Although the new climate of architecture is oriented towards the artisanal and towards activism (from the mythical Chinese artist and architect Ai Weiwei, who opened a show in London, his compatriots Wang Shu and Lu Wenyu, or the Vietnamese Vo TrongNghia to the Chilean Alejandro Aravena, appointed director of the next Venice Architecture Biennale, or the Brits of Assemble, recipients of an unexpectedly socially oriented Turner Prize), the big figures continued to deliver singular works: Norman Foster, who turned 80, inaugurated the imposing new City Hall of Buenos Aires for Mauricio Macri, who would later be elected president of Argentina, and a delicate winery for Château Margaux in Bordeax, while developing the visionary Drones project for Africa; or Herzog & de Meuron, who finished the building for the partnership’s own archives in Basel as well as a new stadium for Bordeaux at the same time that BBVA staff were moving into the colossal headquarters of the bank in Madrid, a new landmark for the capital nicknamed ‘The Sail.’
Madrid saw two major works finished, the innovative Giner de los Ríos Foundation by Amid.cero9 and the huge Royal Collections Museum, designed in 2002 by Mansilla & Tuñón and due to open to the public in 2016, but most of Spanish architecture’s achievements last year were abroad: Fernando Menis inaugurated the long awaited Concert Hall of Torun in Poland; Selgas Cano, Andrés Jaque, and Izaskun Chinchilla built much acclaimed pavilions in London (Serpentine Gallery) and New York (Cosmo for MoMA’s PS1 and Organic Growth for City of Dreams); González Hinz Zabala won the competition for the Bauhaus Museum in Dessau, and Entresitio, with MGP, for the National Museum of Memory in Bogotá; Barozzi Veiga received the European Mies van der Rohe Award for the Philharmonic Hall of Szczecin in Poland; Burgos Garrido, Porras La Casta, and Rubio Álvarez-Sala – with the West 8 of Adriaan Geuze – Harvard’s Veronica Rudge Green Prize for the urban project Madrid Río; and Nieto Sobejano were awarded the Alvar Aalto Medal in Helsinki, for their entire career.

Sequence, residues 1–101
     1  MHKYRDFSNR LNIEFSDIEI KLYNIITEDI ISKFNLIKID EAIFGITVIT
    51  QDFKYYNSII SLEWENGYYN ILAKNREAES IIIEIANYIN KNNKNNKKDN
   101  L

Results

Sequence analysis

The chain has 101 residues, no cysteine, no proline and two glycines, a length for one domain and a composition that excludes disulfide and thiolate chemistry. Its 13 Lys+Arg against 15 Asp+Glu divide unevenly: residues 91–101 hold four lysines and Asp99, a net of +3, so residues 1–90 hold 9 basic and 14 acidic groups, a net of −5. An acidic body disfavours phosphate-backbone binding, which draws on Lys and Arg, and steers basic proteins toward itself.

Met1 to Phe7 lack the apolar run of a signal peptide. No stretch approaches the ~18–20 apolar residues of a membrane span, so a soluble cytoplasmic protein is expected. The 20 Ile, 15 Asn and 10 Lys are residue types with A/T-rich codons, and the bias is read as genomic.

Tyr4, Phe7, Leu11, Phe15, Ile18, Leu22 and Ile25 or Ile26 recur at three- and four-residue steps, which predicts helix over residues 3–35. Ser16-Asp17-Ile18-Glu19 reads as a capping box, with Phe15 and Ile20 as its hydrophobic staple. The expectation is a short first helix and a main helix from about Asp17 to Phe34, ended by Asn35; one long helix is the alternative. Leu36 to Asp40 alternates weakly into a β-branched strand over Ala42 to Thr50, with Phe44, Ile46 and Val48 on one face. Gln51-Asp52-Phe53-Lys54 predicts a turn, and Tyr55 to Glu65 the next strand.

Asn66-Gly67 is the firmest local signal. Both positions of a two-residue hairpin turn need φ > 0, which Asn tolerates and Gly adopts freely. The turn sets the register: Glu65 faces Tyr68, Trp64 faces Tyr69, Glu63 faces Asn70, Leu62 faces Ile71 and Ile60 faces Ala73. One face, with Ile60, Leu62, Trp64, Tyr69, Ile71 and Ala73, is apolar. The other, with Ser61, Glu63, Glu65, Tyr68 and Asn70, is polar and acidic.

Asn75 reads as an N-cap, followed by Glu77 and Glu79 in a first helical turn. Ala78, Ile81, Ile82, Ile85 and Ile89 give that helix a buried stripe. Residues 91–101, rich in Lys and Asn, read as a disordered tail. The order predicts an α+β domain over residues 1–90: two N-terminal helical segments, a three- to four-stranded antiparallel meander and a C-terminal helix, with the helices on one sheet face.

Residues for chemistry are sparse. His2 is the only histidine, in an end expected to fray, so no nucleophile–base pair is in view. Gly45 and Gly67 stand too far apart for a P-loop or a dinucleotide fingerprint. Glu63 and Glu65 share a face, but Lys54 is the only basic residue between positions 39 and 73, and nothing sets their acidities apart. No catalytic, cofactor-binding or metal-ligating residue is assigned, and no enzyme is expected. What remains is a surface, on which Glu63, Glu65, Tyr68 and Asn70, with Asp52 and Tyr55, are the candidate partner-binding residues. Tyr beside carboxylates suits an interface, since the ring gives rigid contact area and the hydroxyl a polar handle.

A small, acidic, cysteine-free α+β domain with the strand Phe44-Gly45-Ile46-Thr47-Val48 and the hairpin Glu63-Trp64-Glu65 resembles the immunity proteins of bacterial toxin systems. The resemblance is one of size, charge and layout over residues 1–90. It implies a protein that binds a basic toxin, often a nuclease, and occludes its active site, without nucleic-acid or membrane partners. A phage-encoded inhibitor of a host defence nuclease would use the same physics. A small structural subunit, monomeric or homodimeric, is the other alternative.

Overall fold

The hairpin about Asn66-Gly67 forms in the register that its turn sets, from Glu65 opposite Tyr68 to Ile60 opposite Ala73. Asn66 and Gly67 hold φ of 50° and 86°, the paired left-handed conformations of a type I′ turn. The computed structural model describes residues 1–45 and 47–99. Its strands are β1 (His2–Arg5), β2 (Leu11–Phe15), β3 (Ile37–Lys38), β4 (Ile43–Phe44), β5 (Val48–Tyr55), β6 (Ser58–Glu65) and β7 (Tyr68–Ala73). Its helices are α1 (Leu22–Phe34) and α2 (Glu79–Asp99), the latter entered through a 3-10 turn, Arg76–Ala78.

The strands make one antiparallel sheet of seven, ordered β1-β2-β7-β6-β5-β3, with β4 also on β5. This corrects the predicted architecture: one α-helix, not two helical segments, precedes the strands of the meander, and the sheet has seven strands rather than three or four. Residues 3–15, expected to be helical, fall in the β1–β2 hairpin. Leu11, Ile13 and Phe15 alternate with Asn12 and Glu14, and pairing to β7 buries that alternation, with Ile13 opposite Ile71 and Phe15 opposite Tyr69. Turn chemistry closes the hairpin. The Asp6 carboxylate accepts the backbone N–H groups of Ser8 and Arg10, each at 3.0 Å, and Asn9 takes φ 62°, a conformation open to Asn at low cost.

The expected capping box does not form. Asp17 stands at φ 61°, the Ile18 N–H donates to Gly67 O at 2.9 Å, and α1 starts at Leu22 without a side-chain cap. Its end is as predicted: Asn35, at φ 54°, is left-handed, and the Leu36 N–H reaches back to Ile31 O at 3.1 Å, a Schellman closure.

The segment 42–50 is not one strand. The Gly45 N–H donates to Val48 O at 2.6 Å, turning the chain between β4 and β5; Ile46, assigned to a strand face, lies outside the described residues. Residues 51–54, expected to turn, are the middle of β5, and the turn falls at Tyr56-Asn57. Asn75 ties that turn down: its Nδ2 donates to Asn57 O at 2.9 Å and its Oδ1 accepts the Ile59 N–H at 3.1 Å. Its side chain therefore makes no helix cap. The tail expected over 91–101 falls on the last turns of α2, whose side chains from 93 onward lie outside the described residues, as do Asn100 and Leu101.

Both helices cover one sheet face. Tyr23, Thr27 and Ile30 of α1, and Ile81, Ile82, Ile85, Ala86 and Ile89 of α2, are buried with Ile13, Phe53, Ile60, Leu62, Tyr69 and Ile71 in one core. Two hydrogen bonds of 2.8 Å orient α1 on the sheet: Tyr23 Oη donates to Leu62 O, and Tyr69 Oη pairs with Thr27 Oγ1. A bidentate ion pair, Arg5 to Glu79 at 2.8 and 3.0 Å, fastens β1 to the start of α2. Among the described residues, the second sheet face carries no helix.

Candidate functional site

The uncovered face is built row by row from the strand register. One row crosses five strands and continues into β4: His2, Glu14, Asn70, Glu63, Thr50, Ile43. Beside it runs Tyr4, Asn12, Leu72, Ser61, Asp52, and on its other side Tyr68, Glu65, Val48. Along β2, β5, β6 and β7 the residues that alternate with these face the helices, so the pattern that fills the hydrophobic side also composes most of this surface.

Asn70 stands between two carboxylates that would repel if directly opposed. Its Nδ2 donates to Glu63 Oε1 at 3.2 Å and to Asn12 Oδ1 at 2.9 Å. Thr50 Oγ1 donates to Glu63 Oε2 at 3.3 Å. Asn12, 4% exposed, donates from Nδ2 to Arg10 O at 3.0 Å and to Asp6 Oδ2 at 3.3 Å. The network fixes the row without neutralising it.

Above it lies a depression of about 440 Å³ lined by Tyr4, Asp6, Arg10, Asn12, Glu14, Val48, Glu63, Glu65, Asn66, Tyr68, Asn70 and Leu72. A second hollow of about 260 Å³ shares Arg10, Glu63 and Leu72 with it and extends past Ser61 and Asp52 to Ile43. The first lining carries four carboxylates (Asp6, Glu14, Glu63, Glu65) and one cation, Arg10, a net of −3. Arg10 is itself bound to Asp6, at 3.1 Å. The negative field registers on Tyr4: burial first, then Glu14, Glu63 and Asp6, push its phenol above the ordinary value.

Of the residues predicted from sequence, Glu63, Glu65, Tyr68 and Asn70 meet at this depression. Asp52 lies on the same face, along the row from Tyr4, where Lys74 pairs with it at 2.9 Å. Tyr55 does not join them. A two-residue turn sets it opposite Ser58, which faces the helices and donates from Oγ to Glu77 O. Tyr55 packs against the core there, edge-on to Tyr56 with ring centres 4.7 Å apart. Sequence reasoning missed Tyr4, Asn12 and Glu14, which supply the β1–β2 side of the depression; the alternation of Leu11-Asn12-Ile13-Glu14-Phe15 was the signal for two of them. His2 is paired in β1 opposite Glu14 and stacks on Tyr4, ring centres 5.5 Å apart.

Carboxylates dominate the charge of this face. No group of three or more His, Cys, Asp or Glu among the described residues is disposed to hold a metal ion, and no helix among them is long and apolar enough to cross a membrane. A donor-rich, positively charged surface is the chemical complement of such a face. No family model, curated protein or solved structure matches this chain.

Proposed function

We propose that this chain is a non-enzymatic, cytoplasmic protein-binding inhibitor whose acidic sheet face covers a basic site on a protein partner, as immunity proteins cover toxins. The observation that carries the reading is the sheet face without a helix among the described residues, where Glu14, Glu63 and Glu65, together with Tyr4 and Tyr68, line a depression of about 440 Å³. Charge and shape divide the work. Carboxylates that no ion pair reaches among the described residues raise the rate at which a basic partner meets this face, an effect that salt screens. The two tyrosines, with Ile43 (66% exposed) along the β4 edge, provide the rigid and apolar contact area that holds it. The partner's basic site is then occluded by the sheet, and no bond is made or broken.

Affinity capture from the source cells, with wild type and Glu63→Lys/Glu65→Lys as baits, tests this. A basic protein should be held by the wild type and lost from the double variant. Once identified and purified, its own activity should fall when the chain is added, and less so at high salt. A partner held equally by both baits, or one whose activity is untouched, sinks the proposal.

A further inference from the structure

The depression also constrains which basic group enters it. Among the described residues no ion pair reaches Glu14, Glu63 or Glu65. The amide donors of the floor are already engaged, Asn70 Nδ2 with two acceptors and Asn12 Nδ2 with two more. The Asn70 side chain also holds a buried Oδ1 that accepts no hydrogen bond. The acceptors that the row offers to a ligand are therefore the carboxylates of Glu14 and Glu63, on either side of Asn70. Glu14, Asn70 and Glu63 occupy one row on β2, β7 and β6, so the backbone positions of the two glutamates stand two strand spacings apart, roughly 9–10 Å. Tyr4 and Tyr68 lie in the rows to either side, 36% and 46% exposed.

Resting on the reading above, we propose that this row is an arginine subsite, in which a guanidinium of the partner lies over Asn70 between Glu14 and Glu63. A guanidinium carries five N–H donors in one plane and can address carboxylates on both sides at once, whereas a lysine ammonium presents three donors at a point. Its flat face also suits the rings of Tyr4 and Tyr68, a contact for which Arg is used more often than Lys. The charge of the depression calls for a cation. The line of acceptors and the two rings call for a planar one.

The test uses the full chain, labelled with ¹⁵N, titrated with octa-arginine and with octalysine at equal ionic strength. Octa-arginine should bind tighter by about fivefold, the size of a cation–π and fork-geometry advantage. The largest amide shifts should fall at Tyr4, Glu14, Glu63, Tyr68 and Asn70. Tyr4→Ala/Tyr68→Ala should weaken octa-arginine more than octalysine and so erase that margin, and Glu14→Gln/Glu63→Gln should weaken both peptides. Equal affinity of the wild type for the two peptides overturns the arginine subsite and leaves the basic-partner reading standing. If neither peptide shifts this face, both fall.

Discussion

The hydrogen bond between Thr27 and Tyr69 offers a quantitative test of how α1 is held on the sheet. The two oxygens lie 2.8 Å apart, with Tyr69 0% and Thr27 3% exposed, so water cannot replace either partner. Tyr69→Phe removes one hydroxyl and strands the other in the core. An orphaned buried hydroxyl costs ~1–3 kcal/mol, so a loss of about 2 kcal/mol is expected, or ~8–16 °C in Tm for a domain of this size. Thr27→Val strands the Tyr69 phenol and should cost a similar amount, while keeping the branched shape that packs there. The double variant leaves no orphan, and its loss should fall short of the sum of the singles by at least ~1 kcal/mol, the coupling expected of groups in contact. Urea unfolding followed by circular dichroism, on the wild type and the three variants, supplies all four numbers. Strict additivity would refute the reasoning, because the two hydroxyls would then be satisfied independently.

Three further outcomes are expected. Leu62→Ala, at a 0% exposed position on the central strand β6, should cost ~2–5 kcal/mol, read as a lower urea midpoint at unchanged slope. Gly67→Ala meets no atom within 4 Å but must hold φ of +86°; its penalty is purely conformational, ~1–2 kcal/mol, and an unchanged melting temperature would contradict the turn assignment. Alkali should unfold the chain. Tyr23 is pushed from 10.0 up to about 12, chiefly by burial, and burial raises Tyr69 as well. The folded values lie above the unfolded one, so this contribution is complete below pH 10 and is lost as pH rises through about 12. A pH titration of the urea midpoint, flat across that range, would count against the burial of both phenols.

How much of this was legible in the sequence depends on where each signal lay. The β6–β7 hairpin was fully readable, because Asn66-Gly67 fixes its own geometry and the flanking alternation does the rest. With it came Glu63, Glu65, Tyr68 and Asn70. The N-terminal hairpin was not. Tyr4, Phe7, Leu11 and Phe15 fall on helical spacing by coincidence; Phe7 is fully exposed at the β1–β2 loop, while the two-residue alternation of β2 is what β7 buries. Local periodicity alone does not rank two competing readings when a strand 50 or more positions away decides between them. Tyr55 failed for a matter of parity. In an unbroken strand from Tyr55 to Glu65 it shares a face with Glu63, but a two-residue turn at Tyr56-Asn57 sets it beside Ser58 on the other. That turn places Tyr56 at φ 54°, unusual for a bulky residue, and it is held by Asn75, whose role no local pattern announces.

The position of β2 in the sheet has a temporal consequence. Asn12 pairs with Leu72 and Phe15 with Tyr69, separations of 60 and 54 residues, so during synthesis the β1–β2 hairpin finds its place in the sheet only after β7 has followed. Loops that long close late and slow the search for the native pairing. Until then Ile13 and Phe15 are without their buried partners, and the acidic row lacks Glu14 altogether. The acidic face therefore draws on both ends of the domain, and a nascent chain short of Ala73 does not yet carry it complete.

Inevitably prominent in the chapter on awards are the Pritzker, bestowed on the German Frei Otto shortly before he died; the Praemium Imperiale, which distinguished the French Dominique Perrault; the RIBA Gold Medal, which went to the Irish partnership O’Donnell &Tuomey; the AIA Gold Medal, given to the Israeli-Canadian veteran Moshe Safdie; and the medal of the Spanish Association of Architecture Institutes, which was shared by two architecture schools, Madrid’s and Barcelona’s, and two foundations, Arquia and Arquitectura y Sociedad.
And the year that AV celebrated its 30th anniversary, it marked the centenaries of Josep Maria Sostres, João Batista Vilanova Artigas, or the photographers Ezra Stoller and Juan Pando, and mourned the death of the American Michael Graves, the British James Gowan, the Indian Charles Correa, the French Françoise-Hélène Jourda, the Mexican Carlos Mijares, the Argentinian Rafael Iglesia, the Portuguese-Mozambican Pancho Guedes, or Spain’s own Mario Muelas, Antonio Jiménez Torrecillas, and José Miguel Iribas, sociologist of tourism and missed collaborator of this magazine.